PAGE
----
It’s been a while since I have given a real update as to what I’m actually doing, which is remiss of me. I’m going to change the balance of my posts so there are more about what I’m up to and fewer that sound more academic.
So, what have I been doing? I’ve spent some of my time working on the strategy of Transition Town Berkhamsted (TTB), which is still a work in progress and needs the others involved to give their pennyworth before it is made official. I’ve also been networking with organisations and individuals involved in the area, to discuss my ideas and help refine them. I’m getting somewhere with that. And of course I’ve been researching a little for the posts and responses to comments.
Berkhamsted is a commuter town, with a predominantly right-wing political outlook. It is also quite large, with a population of 16000. Unfortunately all of those things lead to it not having a great sense of community. This makes it that much more difficult for the town to move forward in a meaningful way into the uncertain future. We need to strike the balance between talking and engaging with local organisations, such as schools, and us taking the initiative, rolling our sleeves up and getting on with it. There is some debate about that. When the strategy is sorted I’ll put some more up about it on here.
The other difficultly in making a difference at a local level is the overall sense of apathy and denial on the issue of climate change, which is why I also want to work at a national level to help us overcome that temporary obstacle. I say temporary because it is inevitable that nature will let us know in no uncertain terms that it doesn’t care whether we believe or not in climate change: it will just get on with dealing out the consequences.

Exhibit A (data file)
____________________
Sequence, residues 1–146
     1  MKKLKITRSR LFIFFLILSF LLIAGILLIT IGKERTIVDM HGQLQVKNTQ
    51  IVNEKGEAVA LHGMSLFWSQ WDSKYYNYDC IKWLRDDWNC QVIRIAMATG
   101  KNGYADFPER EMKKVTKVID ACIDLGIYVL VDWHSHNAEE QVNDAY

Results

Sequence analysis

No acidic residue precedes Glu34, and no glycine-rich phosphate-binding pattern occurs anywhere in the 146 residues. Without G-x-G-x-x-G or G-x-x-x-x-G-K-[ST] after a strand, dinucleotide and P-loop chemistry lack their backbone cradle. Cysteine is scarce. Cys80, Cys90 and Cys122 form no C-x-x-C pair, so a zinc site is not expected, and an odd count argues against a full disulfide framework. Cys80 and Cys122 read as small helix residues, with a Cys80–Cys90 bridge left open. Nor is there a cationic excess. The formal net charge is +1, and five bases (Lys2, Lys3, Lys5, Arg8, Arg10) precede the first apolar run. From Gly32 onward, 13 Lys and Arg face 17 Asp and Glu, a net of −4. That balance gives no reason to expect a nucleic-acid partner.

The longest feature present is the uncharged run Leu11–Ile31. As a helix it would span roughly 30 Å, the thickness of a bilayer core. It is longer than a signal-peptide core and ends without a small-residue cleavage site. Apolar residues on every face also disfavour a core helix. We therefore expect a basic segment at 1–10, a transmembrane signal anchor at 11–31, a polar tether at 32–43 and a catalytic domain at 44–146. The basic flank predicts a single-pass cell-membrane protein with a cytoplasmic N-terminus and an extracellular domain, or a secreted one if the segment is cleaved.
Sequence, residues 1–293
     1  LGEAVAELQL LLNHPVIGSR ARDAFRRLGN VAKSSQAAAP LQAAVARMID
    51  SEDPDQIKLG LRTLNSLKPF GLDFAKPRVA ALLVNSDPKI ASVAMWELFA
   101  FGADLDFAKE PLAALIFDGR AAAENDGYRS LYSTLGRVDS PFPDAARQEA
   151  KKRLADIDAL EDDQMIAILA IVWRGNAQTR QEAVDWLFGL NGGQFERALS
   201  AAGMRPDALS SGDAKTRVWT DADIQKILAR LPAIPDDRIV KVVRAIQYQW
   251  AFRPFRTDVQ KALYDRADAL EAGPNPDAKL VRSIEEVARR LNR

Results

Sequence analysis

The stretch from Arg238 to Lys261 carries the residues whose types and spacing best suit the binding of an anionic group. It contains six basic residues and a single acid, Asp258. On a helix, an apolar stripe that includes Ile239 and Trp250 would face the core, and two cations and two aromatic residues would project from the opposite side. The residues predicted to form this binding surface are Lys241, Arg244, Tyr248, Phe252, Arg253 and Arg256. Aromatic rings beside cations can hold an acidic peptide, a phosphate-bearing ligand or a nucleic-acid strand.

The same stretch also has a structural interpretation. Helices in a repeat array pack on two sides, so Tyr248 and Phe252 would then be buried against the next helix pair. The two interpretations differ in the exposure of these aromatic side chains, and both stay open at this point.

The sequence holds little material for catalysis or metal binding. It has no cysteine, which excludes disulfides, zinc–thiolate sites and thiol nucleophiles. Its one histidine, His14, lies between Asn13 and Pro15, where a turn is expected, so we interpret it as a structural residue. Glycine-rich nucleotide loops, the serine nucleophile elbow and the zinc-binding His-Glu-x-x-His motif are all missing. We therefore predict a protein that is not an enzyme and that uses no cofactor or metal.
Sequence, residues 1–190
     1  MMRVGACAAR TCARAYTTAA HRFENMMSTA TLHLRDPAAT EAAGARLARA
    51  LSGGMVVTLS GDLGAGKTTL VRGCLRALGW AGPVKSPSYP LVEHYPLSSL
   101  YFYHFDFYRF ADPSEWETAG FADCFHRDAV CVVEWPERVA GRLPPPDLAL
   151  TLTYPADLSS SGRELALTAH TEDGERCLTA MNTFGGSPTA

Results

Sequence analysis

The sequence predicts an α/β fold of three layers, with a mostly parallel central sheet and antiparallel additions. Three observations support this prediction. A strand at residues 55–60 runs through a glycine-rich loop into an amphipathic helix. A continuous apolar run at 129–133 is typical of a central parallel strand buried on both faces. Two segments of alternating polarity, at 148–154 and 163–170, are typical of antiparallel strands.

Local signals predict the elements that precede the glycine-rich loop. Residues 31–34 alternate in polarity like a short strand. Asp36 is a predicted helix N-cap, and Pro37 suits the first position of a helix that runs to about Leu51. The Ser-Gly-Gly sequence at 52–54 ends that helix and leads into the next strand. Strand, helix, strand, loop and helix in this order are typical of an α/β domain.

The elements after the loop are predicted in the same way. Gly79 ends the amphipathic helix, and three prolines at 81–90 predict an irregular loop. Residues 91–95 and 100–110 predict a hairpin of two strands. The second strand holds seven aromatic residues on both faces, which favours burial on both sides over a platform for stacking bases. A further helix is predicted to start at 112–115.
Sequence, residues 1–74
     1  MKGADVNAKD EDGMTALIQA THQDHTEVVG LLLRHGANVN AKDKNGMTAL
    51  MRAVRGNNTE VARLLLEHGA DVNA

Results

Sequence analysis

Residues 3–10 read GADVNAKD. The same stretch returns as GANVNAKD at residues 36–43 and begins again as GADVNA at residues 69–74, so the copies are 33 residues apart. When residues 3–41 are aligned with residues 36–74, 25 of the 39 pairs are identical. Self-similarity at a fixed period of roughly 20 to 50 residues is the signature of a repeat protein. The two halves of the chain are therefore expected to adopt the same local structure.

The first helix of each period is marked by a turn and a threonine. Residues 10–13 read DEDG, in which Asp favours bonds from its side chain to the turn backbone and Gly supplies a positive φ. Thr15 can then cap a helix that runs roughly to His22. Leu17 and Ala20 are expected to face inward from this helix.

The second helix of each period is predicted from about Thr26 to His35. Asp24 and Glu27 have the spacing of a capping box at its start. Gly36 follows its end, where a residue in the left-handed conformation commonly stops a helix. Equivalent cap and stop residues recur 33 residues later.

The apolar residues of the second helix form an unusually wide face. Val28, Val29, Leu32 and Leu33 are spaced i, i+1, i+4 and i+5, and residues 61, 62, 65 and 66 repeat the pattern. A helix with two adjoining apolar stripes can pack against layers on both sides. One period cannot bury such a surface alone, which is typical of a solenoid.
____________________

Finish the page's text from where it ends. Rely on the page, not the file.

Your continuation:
My self-appointed job is to help us realise what we need to do before nature rubs it in our face, by which time it will be too late. The idea is that we put together the toolkit required – credible information about the reality of climate change, plus information and support for people wanting to take action at home or in their towns or wider. Then to launch it all with a big fanfare and bring the issue back square up front. I certainly am not going to do that myself, and it is encouraging to find that a lot of organisations are already working closely together.
I’ll be posting more often from now on, so will explain more in a few days.
Please do let me know what you think.
hi john – just had to say I really don’t agree with you about the ‘no sense of community’ thing….we should talk about it sometime. Example – a good friend is very ill at the moment and at least 30 people have signed up to provide meals to her family every day for the foreseeable future and are looking after kids while partner deals with hospital visits etc…community doing something practical and supportive. I know its only one example but feels consistent with what I know of people here. We also have a high level of volunteering – people supporting the community in sports/scouts/arts/school activities/charities etc. Maybe the question is how that sense of community is harnessed more formally and extended to support those who are more isolated.
Also, I think there is more of a liberal element in the town than the figures appear to show – don’t forget SW Herts constituency includes Chorleywood and area and villages which are fairly conservative (forgive huge generalisation) and contributes to the massive tory majority. In Berko, there is definitely a growing, younger demographic drawn from creative industries which tends to be a bit more liberal. Challenge is getting those people to engage with formal politics and vote for a more visionary approach to our local community.
All this is rather anecdotal of course – no idea if the stats would support what i’m saying but thought I would share anyway!!